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International Students and Scholars Tax Seminar #2 Note: This workshop will explain only the basic rules of resident income tax filing. Income Tax Workshop for “Resident Aliens”. Please Note:.

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International Studentsand Scholars Tax Seminar#2Note: This workshop will explain only the basic rules of resident income tax filing.

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Please Note:

These guidelines are for students onF-1 or J-1 visaswho have been in the U.S. for 5+ years These are also for scholars on J-1 visaswho have been in the U.S. for 2 +- years out of the last 6 years .

These are also for employees on H-1B visas.

SPRING 2014

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Internal Revenue Service?

  • The taxation agency of the U.S. Government to which you
    • - File your personal Income Tax Return

SPRING 2014

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State Tax Departments

  • The taxation agency of the State Government to
  • which you may need to
    • File your personal Income Tax Return
  • If you resided in New York State in 2011, you may
  • need to file a NYS Income Tax Return.
  • If you lived in another state, you may need to file
  • that State’s Income Tax Return.
  • If you lived in two states, you may need to file two
  • State Income Tax Returns.

SPRING 2014

slide6

Basic Tax Vocabulary

Alien:generally, any person who is not a U.S. citizen

Student:person temporarily in the U.S. on an F, J, Q or M visa.

Scholar:person who is not a student & who is temporarily in the U.S. on a J or Q visa.

Resident or Non-Resident:refers only to one’s filing status.

SPRING 2014

slide7

Basic Tax Vocabulary (contd.)

Income:wages, salaries, tips, interest, dividends, some scholarship/fellowship grants.

IRS:Internal Revenue Service.

Income Tax Return:statement filed (submitted) by individual taxpayer to the IRS.

SPRING 2014

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Do I file as a Non-Resident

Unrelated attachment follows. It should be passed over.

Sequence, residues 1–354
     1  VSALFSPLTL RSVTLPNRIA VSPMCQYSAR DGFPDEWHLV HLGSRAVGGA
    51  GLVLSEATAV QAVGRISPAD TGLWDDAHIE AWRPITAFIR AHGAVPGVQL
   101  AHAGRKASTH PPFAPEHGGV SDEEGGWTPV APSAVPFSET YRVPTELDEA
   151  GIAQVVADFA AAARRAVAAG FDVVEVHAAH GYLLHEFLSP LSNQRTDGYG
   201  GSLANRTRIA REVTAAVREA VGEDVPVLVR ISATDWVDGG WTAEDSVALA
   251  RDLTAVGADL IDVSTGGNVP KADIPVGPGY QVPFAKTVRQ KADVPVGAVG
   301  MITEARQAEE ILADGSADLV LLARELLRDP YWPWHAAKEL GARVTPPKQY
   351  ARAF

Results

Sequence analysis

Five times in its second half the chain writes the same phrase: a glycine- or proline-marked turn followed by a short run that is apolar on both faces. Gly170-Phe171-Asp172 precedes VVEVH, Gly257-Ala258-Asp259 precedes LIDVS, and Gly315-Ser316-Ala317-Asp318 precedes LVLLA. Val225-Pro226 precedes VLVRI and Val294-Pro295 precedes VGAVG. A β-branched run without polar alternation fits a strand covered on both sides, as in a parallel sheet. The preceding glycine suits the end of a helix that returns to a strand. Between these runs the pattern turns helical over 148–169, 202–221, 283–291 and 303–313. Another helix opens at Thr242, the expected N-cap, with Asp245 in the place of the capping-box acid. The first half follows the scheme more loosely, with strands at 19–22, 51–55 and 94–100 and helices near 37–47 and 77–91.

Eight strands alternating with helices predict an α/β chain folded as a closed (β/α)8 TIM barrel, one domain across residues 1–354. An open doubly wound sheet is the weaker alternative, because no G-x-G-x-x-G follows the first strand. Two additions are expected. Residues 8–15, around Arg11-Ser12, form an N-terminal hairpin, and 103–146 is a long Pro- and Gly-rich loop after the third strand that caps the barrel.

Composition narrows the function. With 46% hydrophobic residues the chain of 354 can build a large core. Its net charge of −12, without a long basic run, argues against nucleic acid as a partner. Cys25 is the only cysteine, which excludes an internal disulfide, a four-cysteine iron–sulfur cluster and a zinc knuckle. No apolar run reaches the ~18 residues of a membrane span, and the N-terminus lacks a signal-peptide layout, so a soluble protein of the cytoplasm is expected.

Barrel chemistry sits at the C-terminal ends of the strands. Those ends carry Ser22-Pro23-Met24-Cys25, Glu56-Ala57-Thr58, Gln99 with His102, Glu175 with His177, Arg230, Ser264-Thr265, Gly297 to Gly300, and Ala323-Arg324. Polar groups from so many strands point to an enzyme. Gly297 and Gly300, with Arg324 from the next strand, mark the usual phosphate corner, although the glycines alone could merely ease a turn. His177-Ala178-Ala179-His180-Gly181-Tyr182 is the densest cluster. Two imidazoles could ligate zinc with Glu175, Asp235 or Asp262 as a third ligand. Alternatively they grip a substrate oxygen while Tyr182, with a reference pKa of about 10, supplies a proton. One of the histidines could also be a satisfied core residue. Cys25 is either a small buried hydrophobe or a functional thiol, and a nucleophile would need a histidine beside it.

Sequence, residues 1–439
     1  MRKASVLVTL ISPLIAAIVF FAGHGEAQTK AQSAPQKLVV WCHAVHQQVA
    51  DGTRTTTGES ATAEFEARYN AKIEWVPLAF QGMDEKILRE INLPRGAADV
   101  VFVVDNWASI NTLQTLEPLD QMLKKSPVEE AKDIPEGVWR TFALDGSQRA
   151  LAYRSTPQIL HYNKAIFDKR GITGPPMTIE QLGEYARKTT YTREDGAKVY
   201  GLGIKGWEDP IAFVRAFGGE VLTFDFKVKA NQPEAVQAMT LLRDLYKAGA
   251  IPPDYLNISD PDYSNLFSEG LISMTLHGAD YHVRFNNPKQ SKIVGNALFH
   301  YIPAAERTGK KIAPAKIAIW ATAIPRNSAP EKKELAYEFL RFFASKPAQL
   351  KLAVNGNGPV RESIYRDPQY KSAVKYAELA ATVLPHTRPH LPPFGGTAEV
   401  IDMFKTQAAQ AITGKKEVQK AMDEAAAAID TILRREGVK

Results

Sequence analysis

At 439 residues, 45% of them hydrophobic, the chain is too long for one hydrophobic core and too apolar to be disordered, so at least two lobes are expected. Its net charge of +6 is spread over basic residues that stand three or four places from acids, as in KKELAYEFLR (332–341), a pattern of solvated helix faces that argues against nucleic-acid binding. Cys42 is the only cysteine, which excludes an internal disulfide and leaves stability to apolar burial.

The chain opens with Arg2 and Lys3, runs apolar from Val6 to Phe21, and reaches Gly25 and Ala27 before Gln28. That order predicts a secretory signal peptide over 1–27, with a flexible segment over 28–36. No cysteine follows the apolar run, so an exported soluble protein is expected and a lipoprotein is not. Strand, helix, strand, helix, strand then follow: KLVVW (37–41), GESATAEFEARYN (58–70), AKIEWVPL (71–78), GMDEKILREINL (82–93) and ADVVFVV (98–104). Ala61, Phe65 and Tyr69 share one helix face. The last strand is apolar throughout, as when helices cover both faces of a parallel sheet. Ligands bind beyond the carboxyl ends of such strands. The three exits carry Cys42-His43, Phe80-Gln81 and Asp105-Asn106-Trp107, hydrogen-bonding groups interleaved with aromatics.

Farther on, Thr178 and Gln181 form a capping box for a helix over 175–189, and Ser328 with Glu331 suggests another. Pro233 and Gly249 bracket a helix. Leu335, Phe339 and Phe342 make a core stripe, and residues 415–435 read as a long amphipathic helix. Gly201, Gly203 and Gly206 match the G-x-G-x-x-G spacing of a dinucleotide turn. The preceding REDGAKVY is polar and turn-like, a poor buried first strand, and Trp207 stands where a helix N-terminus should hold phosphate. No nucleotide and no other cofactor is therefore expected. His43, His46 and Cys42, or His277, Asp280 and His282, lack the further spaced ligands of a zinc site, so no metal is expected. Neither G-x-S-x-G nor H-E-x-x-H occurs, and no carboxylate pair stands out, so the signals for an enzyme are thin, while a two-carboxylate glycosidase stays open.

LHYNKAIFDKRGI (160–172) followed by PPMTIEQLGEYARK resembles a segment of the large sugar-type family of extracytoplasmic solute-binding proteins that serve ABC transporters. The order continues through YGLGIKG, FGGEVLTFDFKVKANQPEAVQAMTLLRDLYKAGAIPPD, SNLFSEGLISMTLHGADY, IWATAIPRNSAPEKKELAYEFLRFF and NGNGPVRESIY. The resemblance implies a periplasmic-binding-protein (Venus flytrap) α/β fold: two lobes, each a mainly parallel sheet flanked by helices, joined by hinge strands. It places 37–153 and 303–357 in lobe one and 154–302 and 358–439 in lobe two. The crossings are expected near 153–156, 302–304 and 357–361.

Or Resident?

SPRING 2014

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Determination of

Residency Status

  • Do not confuse Federal Tax Residency with
    • Immigration Permanent Residency
    • or
    • New York State Residency requirements for state tuition rates.

SPRING 2014

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It is possible for an alien to have an immigration residency status that is not the same as his/her federal income tax residency status. It is also possible for the alien to have a state income tax residency that is different than his/her federal income tax residency.

  • This lesson covers the determination of residency status for federal income tax purposes.

SPRING 2014

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Federal Tax Residency Rules

  • For Federal Tax purposes,
  • foreign nationals are classified as:
      • Resident Aliens OR
      • Nonresident Aliens (anyone who is not a resident alien)
      • Note: There are also “Dual Status” aliens, who are considered as residents for part of the year and nonresidents for part of the year. This topic will not be covered in the presentation.

SPRING 2014

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Resident or Non-Resident?

  • The following determines whether you are a
  • resident or nonresident for federal tax purposes:
    • Green Card Test
    • Substantial Presence Test
    • Residency Through Marriage

SPRING 2014

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Who is a Resident?

  • 1. Green Card Test
    • Lawful permanent resident of the U.S.

SPRING 2014

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1. Green Card Test

Your residency starting date for tax purposes is based on the date your status changed to Lawful Permanent Resident.

Remember: There is no option. If you are a Lawful Permanent Resident, you are a resident for tax purposes.

SPRING 2014

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2. “Substantial Presence” Test

Calculation that takes into consideration presence during the current year and two immediately preceding years.

31 days during the current year

and 183 days based on a calculation that considers presence during the current year and two preceding years.

SPRING 2014

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Residency Rules SPT (2-part test)

  • Current year days in U.S. x 1 = ___days
  • Must have at least 31 days in current year
  • 1st preceding year days in U.S. x 1/3 = ___days
  • C. 2nd preceding year days in U.S. x 1/6 = ___days
  • D. Total “Days in U.S.” A+B+C = ___days
  • If Line D equals or exceeds 183, 183-day test is passed.
  • Must pass both 31-day and 183-day tests.

SPRING 2014

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Residency Rules SPT (2-part test)

  • If Line A equals or exceeds 31 days and Line D equals or exceeds 183 days, then you are a Resident Alien for federal tax purposes.
  • If not, then you are a Nonresident Alien for federal tax purposes and do not need this workshop.

SPRING 2014

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Residency Rules SPT (2-part test)

  • Some individuals are exempt from counting days toward the Substantial Presence Test.
    • Days of an “EXEMPT” individual